We once went to a church where the pastor reported Sunday attendance during the following week. He often added something like, “If the Smith family had been here, we would have had 84 on Sunday.” He was good-natured when we teased him about this. One day, I was at the church and he asked me about some redecorating ideas for the sanctuary. With tongue in cheek, I suggested we put a mirror all along one wall and quipped, “Then on Sundays, we would have double the attendance.” We both laughed for several minutes.
“The Lord spoke to Moses in the wilderness of Sinai, in the tent of meeting, on the first day of the second month, in the second year after they had come out of the land of Egypt, saying, ‘Take a census of all the congregation of the people of Israel, by clans, by fathers’ houses, according to the number of names, every male, head by head. From twenty years old and upward, all in Israel who are able to go to war, you and Aaron shall list them, company by company.’” (Numbers 1:1–3)
At that time, God had the leadership count the congregation. This was not so they could boast in their numbers, but so they knew who was fit for battle. I wonder what that census might look like today? How would church leaders know who was able to go to war, not to a physical battle, but to engage in spiritual warfare that is often mentioned in the New Testament? The criteria in the wilderness was age and probably physical fitness, but neither are required for spiritual battle. I’m thinking a well-worn Bible and calloused knees? Perhaps.
Certainly today’s list of what makes a good soldier would include a deep awareness of what is happening. Jesus hinted at that when a certain man was ill, Lazarus of Bethany. This was the village of Mary and her sister Martha lived.
“It was Mary who anointed the Lord with ointment and wiped his feet with her hair, whose brother Lazarus was ill. So the sisters sent to him, saying, ‘Lord, he whom you love is ill.’ But when Jesus heard it he said, ‘This illness does not lead to death. It is for the glory of God, so that the Son of God may be glorified through it.’” (John 11:1–4)
Sometimes when a group of people are praying for someone who is sick, one of them will pray that somehow God will be glorified in the sickness. This does not happen very often, but that person understands that sickness can have a deeper purpose, and so can our prayers. Spiritual warriors will pray for healing, but often perceive a need for much more.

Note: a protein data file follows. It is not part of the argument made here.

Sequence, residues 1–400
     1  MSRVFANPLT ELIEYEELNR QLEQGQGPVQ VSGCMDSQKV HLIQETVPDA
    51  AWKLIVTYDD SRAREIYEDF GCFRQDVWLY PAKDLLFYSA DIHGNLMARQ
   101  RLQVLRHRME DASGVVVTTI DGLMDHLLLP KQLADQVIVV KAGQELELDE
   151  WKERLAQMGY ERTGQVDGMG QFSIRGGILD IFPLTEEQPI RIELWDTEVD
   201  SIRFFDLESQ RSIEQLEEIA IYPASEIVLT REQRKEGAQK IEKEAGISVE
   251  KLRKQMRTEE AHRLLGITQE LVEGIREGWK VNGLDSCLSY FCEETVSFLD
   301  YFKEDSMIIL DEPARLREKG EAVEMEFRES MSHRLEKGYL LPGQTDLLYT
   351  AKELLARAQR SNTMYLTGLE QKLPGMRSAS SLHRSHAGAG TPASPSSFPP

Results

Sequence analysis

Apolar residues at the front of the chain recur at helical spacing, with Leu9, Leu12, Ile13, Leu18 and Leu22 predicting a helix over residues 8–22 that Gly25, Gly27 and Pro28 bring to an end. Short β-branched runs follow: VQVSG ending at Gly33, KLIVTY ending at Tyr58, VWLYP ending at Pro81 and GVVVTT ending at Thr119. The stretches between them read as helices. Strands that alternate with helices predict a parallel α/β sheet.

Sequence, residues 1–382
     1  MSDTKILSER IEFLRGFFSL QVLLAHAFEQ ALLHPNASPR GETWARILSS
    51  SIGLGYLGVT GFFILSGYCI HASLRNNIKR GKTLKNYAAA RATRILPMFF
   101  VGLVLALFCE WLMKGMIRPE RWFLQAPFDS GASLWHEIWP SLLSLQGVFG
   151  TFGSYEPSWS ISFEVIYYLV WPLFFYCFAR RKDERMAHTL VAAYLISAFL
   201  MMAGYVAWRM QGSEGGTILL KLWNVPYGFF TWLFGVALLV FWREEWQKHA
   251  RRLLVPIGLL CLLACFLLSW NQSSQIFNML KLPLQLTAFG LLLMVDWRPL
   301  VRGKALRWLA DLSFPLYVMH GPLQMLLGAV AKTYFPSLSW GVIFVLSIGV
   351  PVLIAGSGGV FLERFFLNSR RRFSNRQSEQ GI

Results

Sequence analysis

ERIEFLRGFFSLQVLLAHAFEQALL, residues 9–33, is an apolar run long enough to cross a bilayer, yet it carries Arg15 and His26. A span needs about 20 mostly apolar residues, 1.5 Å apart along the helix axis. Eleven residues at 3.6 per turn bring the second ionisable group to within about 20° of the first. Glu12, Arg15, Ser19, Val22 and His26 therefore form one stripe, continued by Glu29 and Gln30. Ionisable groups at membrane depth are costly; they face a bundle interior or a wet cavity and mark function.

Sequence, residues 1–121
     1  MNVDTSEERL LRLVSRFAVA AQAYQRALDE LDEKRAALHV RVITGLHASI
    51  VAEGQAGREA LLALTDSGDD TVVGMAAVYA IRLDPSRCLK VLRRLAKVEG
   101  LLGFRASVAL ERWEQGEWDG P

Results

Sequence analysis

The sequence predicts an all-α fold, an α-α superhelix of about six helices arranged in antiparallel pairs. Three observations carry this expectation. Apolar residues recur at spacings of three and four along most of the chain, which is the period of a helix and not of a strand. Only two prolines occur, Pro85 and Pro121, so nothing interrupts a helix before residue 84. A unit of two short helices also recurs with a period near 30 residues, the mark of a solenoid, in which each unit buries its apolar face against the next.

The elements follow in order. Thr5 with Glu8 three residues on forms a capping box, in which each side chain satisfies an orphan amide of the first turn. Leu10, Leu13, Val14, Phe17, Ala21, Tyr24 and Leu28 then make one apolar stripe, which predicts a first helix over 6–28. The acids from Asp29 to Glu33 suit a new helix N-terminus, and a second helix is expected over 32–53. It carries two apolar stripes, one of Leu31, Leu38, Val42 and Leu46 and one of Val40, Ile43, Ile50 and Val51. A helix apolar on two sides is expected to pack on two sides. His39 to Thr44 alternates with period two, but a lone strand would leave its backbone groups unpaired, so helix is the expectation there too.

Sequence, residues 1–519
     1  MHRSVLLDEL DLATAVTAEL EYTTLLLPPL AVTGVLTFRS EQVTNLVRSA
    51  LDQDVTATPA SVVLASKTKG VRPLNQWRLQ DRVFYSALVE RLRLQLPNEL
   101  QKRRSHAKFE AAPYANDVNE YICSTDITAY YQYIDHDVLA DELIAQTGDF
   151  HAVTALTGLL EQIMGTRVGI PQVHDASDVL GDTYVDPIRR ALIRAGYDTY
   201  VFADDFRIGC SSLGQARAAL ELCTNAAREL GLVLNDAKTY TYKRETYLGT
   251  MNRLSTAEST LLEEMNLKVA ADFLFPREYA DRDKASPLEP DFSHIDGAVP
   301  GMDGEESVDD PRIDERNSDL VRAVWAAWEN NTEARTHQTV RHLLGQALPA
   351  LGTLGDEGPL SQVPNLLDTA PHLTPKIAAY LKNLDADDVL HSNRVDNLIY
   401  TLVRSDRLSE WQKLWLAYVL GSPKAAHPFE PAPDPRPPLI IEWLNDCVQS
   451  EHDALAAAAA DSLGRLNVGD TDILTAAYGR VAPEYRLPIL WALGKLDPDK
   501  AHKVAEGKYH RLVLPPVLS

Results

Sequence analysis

When Jesus did go to the home of Lazarus, Martha said to Him, “Lord, if you had been here, my brother would not have died. But even now I know that whatever you ask from God, God will give you.” Jesus said to her, “Your brother will rise again.” Martha said to him, “I know that he will rise again in the resurrection on the last day.” Jesus said to her, “I am the resurrection and the life. Whoever believes in me, though he die, yet shall he live, and everyone who lives and believes in me shall never die. Do you believe this?” She said to him, “Yes, Lord; I believe that you are the Christ, the Son of God, who is coming into the world.” (John 11:21–27)
This passage describes faith. Yes, Noah built an ark that took years and it had never yet rained, and Abraham was willing to sacrifice his son, and others trusted God in various ways. However, Martha was one of the few that said, “Even now, I know whatever You ask for, God will give it you.” I was like saying “Whatever . . . .” to God because she knew He could be trusted to do the right thing.
Such prayers are not easy. I’ve often gone to God and told Him what to do and how to do it rather than putting the problem completely in His hands. However, faith is knowing that my will is nothing compared to the perfect will of God. If I believe this, then I can pray that He will take care of it as He sees fit. If I really trust Him, saying “whatever” is easier, and marks me as ready for spiritual warfare.
That first psalm is a favorite because it also describes faith and how to be a spiritual soldier: “Blessed is the man who walks not in the counsel of the wicked, nor stands in the way of sinners, nor sits in the seat of scoffers; but his delight is in the law of the Lord, and on his law he meditates day and night. He is like a tree planted by streams of water that yields its fruit in its season, and its leaf does not wither. In all that he does, he prospers.” (Psalm 1:1–3)
If my church ever wants me to stand up and be counted, I hope the count is about finding who is ready for war. But more than that, I hope I will be among those so numbered.